DevSecOps Report – Proactively prevent vulnerabilities
Web security or security-aware software development should no longer be a luxury. That’s why terms like DevOps or DevSecOps have become an integral part of our industry. In other words, agile software development that is focused on security is one of the most important approaches to modern development. Or is it?
What does GitLab’s DevSecOps Report 2021 have to say about this?
In it are some very interesting findings for the importance of security in software development:
- 99% of applications contain at least 4 vulnerabilities, 80% even have more than 20.
- More than 90% of participants say that security scans run for more than 3 hours, with about a third running for more than 8 hours.
- For more than two-thirds of participants, it takes more than 4 hours to fix a vulnerability.
These numbers show two things:
- All applications contain vulnerabilities, although automated tests are already used to prevent them.
- It is quite costly to fix vulnerabilities.
In addition, the report shows that a large percentage of companies have already been victims of successful attacks:
- More than 70% have lost critical data.
- Two-thirds have experienced operational disruptions and
- More than 60% have seen negative impacts to their brand.
Based on these serious impacts, we might assume that security is becoming a higher priority. However, nearly 80% of DevOps teams reported just the opposite, saying they were under pressure to shorten release cycles. As a result, more than 50% of organizations reported sometimes skipping security scans to meet deadlines.
Preventing cyber-attacks and IT vulnerabilities
These results show that companies are in a dilemma: meeting deadlines or repercussions from successful cyber-attacks against themselves or their products. The simple solution to this would be to simply value security over new features. But nothing is simple when you constantly must innovate to succeed in today’s fast-paced world. Another solution to the dilemma is to equip development teams with the knowledge and tools to prevent security vulnerabilities from the start, when the code is first written. There are several ways to do this.
Continuing education in any form to proactively improve IT security.
There are a variety of different offerings in the area of in-person training: Training courses, eLearning, micro-learning, self-study, competitions, etc. Each of these forms of learning has a right to exist, as everyone has different preferences and strengths when it comes to learning. In addition, the different forms of learning have advantages with different levels of prior knowledge. Often a combination is very helpful. For example, in a classic training course, the basics can first be learned, which are then internalized through micro-learning or a competition. The important thing is to bring the training to the developers and not the other way round.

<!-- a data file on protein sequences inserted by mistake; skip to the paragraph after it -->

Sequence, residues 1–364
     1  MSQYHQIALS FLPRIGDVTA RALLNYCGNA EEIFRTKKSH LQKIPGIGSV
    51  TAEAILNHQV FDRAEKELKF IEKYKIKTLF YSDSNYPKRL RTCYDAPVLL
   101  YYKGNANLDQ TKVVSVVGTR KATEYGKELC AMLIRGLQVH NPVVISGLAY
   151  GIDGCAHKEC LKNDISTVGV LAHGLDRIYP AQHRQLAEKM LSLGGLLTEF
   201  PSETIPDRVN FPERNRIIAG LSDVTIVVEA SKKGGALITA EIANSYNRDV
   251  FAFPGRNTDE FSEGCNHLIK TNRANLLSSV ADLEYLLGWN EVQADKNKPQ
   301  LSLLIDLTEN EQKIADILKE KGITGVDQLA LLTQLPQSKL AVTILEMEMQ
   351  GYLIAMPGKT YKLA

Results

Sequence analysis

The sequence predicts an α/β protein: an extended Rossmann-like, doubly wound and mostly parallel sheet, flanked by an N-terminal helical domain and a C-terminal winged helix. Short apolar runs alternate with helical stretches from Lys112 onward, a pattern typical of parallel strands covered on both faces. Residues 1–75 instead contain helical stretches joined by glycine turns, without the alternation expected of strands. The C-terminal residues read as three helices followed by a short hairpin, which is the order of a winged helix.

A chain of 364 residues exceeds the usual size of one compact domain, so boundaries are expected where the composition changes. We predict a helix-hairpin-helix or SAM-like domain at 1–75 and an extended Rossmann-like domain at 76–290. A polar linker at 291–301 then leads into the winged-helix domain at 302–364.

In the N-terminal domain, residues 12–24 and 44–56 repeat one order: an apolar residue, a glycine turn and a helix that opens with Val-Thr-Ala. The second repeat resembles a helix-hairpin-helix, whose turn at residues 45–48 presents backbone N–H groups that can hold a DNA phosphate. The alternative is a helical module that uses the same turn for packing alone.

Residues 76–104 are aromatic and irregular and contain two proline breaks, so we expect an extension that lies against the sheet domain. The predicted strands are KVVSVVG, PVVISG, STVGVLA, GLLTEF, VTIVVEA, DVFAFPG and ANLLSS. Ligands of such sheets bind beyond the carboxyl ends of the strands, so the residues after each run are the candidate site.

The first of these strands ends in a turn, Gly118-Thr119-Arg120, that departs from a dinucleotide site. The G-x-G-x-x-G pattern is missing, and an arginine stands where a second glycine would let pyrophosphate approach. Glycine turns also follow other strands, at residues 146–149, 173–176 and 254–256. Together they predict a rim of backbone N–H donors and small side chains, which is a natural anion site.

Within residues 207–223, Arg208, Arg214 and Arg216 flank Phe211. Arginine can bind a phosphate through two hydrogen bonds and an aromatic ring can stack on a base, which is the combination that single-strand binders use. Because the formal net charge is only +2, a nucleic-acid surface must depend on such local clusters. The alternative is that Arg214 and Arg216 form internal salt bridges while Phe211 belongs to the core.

- Classical training courses have, among other things, the advantages that they impart knowledge in a short period of time without distractions and that individual questions and requirements can be addressed. A disadvantage is that they often do not take place directly.
- eLearning offers the freedom to work on the learning content at one’s own pace, even in between. However, this often leads to the problem that continuing with lessons can easily be lost in the daily work routine alongside other tasks.
- The situation is similar with micro-learning, in which learning content is broken down into small modules and ideally integrated into the daily work routine in a context-related manner. An example of this is the Secure Code Warrior plugin for SCM-Manager (see below). The contextual integration of learning content has the advantage that the learning units are not in competition with other tasks because they are integrated into the tasks.
- In self-study there is no fixed curriculum. This has the advantage that developers only acquire exactly the knowledge they really need. The disadvantage is, that all content must be researched independently.
- At first glance, competitions are only suitable for deepening existing knowledge. However, they also offer the opportunity to gain new knowledge by working on problems that are new and have to be solved in a creative way.
Micro-learning: improving safety through continuous and contextual learning
Contextual learning offers the opportunity to closely integrate practice and theory to improve learning outcomes. For this purpose, suitable learning content, e.g. in the form of micro-learning, is displayed during the processing of tasks. An example of this is the integration of videos and tasks on security vulnerabilities in the code review process in SCM-Manager.
Through such integrations, learning content is provided exactly when team members are working on tasks with potential security vulnerabilities. An example of this is the Secure Code Warrior plugin for SCM-Manager mentioned earlier.
GitLab’s DevSecOps Report 2021 shows that software security, while perceived as an important issue, is prioritized lower than the development of new features in many organizations. This prioritization is unlikely to change much in the future. Therefore, it is necessary to change from a reactive to a proactive approach in order to meet the security requirements while keeping release cycles short. This can be achieved through different types of training.